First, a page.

Also, why is "A Special Offer from your local Domino's Pizza" so terrible but "Stop by Tuesday 2/26 for a special treat from 1-10 pm" from Dunkin' Donuts so lovable? Sure, the call to action on a specific date at a specific time are more effective, but the offer itself is just as vague. Is there research that shows Quick Serve Restaurant emails get superior results when they have specific dates and times mentioned in the subject line, even with non-specific offers? Think a specific offer would have been better in Dunkin' subject line.

    Thanks, Mr. Nason, for a thoughtful and thought provoking piece.

  • by Josh Nason (the author) Wed May 7, 2008 via web

    Hey everyone! Wow, a lot of comments going here...this is great! Let me respond to a few if I could:

    @ Mailchimp Anthony: I need to dive a bit deeper in, but on the surface, I need some more data to assess whether I'm buying these open rate stats. I'm sure there's some thorough research there, but maybe we can get an offline dialogue going about that?

    @ Jessica D: I will email you directly with some thoughts based on your company. I'd be happy to do it.

    @ Kelly P.: What if someone doesn't know the person you're sending from? Would most of Apple's list know who is Steve Jobs is? Probably, but I wouldn't assume it. For a sports team's marketing campaign, I'd take a try with a very targeted piece. I would never assume that someone that is looking at 50 emails amidst 100 other things they're doing would know a name. Think quick and think how to market with that in opinion anyway.

    @ Crash: what contradictions did I offer? Are there examples you have, I assume? The word "YOU" was the random capitalization I was referring to, not the name of the band.

    @ Evan: Domino's has been sending out the same offer with the same subject line for months now. If you as a consumer opened up the first one and thought the offer was crappy, why would be engaged to open that email up again the next time...and the next time after that.

    The Dunkin's one (as explained) is a specific target on a specific date with a specific goal in mind; not a 'take it or don't take it' pizza offer. Big difference there to me as a consumer.

    Thanks everyone! Feel free to email me directly with other questions at

  • by maabalto Thu May 8, 2008 via web

    Nice article and comments.

    Thanks to all!

  • by Lisa J Thu May 8, 2008 via web

    Not exactly the 15 minutes of fame I was looking for, but I appreciate you taking the time to single out and critique our email subject line!

    As online marketers know, it's all about testing. Per our internal tests, the direct subject line and personalized "from" name consistently outperform other options we've evaluated.

    ...but that doesn't mean it's the right/best/permanent subject line, and we welcome your indirect call to step it up! I hope you'll take the time to let me know if you see something from Fanscape that you like more in your inbox soon.

    I’d be interested in an article on how well these boring/awkward/WEIRDLY CAPPED/typo-laden subject lines actually work. Are marketers flying blind or do they have research backing their decisions up?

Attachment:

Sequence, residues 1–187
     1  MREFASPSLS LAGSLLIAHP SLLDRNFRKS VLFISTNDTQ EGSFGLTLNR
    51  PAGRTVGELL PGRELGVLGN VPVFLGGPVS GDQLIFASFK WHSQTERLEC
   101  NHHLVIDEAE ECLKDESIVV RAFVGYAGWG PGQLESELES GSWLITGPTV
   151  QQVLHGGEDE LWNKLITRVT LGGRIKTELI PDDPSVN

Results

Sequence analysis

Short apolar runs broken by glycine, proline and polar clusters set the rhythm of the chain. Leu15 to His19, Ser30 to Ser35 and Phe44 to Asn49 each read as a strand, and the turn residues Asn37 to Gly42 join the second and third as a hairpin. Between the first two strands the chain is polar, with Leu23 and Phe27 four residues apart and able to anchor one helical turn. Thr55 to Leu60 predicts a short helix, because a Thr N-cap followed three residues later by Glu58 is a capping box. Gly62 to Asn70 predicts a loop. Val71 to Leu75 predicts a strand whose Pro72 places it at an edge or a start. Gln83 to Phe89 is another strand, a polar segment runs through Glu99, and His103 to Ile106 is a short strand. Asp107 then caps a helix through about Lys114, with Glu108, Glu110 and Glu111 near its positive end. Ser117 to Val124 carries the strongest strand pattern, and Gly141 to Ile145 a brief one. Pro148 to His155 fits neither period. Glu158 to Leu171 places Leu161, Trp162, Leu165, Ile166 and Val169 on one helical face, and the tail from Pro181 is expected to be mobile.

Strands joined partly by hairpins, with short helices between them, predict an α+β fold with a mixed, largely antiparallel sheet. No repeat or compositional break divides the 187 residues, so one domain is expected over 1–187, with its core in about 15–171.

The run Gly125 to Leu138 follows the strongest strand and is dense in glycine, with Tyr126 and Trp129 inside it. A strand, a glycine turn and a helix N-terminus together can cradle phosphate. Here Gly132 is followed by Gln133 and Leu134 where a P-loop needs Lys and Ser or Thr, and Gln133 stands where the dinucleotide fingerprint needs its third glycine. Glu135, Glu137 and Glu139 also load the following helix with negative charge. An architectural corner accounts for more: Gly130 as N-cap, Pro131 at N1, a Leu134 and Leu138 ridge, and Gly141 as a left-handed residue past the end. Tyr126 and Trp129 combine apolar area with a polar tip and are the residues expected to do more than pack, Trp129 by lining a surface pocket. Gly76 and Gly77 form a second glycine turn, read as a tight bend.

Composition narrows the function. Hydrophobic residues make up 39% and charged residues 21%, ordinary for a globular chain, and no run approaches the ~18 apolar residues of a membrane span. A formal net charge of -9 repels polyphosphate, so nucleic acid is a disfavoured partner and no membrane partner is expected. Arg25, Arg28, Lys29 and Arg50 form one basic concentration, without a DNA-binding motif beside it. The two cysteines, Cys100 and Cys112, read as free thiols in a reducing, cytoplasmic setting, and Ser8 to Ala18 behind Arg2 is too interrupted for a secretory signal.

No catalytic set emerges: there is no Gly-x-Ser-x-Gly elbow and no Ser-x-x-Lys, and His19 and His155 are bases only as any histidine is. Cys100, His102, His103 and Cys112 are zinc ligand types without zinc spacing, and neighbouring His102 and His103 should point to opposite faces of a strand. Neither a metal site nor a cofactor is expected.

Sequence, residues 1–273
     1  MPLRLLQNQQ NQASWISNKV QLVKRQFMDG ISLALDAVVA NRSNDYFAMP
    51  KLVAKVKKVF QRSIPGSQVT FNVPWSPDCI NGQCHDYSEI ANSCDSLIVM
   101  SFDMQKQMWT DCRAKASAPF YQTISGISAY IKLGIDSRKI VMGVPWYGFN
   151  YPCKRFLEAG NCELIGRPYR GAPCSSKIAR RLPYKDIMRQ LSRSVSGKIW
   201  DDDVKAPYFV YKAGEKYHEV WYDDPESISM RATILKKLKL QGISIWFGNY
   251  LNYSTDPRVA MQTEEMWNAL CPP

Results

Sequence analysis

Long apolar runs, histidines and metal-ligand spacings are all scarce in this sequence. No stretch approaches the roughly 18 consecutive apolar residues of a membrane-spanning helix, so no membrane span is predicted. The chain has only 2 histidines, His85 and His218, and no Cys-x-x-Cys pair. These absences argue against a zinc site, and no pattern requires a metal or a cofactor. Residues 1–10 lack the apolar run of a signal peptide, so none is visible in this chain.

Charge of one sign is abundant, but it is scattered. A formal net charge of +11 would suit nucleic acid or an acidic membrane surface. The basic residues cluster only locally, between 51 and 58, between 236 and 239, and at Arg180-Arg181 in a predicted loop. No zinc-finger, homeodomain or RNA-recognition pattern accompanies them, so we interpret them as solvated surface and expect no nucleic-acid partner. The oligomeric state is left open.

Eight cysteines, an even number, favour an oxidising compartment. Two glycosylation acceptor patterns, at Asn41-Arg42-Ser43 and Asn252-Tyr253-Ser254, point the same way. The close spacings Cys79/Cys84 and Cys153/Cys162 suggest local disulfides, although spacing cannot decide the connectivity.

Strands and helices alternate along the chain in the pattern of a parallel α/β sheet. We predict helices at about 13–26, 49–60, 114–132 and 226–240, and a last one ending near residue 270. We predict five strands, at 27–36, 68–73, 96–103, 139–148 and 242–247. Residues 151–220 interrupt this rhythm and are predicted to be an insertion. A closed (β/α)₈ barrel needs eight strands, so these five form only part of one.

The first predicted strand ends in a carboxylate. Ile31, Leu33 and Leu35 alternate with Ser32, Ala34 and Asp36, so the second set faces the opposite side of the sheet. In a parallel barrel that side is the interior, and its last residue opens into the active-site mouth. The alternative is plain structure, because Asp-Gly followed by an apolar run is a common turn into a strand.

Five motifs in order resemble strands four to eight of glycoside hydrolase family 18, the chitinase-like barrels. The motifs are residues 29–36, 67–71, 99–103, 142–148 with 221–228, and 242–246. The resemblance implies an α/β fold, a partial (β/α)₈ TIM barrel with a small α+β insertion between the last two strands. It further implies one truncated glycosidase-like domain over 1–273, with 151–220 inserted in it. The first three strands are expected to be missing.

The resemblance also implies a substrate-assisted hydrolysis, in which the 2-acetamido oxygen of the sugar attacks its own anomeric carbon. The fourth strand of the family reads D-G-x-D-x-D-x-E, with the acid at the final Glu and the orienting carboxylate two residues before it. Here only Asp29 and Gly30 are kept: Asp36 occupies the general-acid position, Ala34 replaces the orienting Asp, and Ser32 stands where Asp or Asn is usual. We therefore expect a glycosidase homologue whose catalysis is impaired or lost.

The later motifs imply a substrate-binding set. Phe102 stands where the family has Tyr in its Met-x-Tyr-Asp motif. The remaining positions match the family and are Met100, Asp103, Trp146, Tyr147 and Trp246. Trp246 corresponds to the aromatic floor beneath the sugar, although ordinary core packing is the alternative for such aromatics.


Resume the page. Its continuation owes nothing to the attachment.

Thanks again for an interesting read -


  • by Amy Thu May 8, 2008 via web

    I have to agree with Kelly P. about company names in the from field. Nothing screams marketing email louder than having the name of the company in the from field. The only time this is relevant is when you are part of a rewards program, and an individual is looking for something. Otherwise, keeping it more personal makes sense. Even if it is a persona managed by individuals, it causes a reader to pause a micro second longer. I've experimented with both ways, and my audience definitely responds to emails with my name in the from field more than when the company name is in the from field.

  • by Josh Nason (the author) Thu May 8, 2008 via web

    @ Amy: what's your audience and business type?

  • by Vigyan Verma Fri May 9, 2008 via web

    Minor issues apart, I found the article to be interesting overall.

    1. I agree with Josh on specificity in subject lines.
    2. On the "From" issue, I feel there can be a little guarded approach on use of company name. Personally, more than the corporate brand I would give more credence to the consumer brand because that will perhaps be more relevant to a consumer. I'm talking of a corporate brand that has brands addressing different consumer segments. It could also be a company executive, especially if it is B2B, provided the mailing list is so sharply focussed that the name of the person evokes instant recognition. It would be terrible, though, if a ghost email writer masquerades as say Jeff Immelt.
    3. I would like to add brevity of subject line as another very important factor in increasing chances of opening mails. The reason being the length of the 'Subject' field, with all Inbox mails in view, varies from one mailing system (as also PC/laptop) to another. One should strive to get the critical parts of communication in the first 4 words.
    Vigyan Verma

  • by Barry A Sun Jan 31, 2010 via web

    Other than the thoughtful observations and opinions, the best point made was to pretest. I use A/B testing of about 100 each variable. My best ever open rate difference was about 10 points. Usually only 2-3 points difference, but still a worthwhile activity.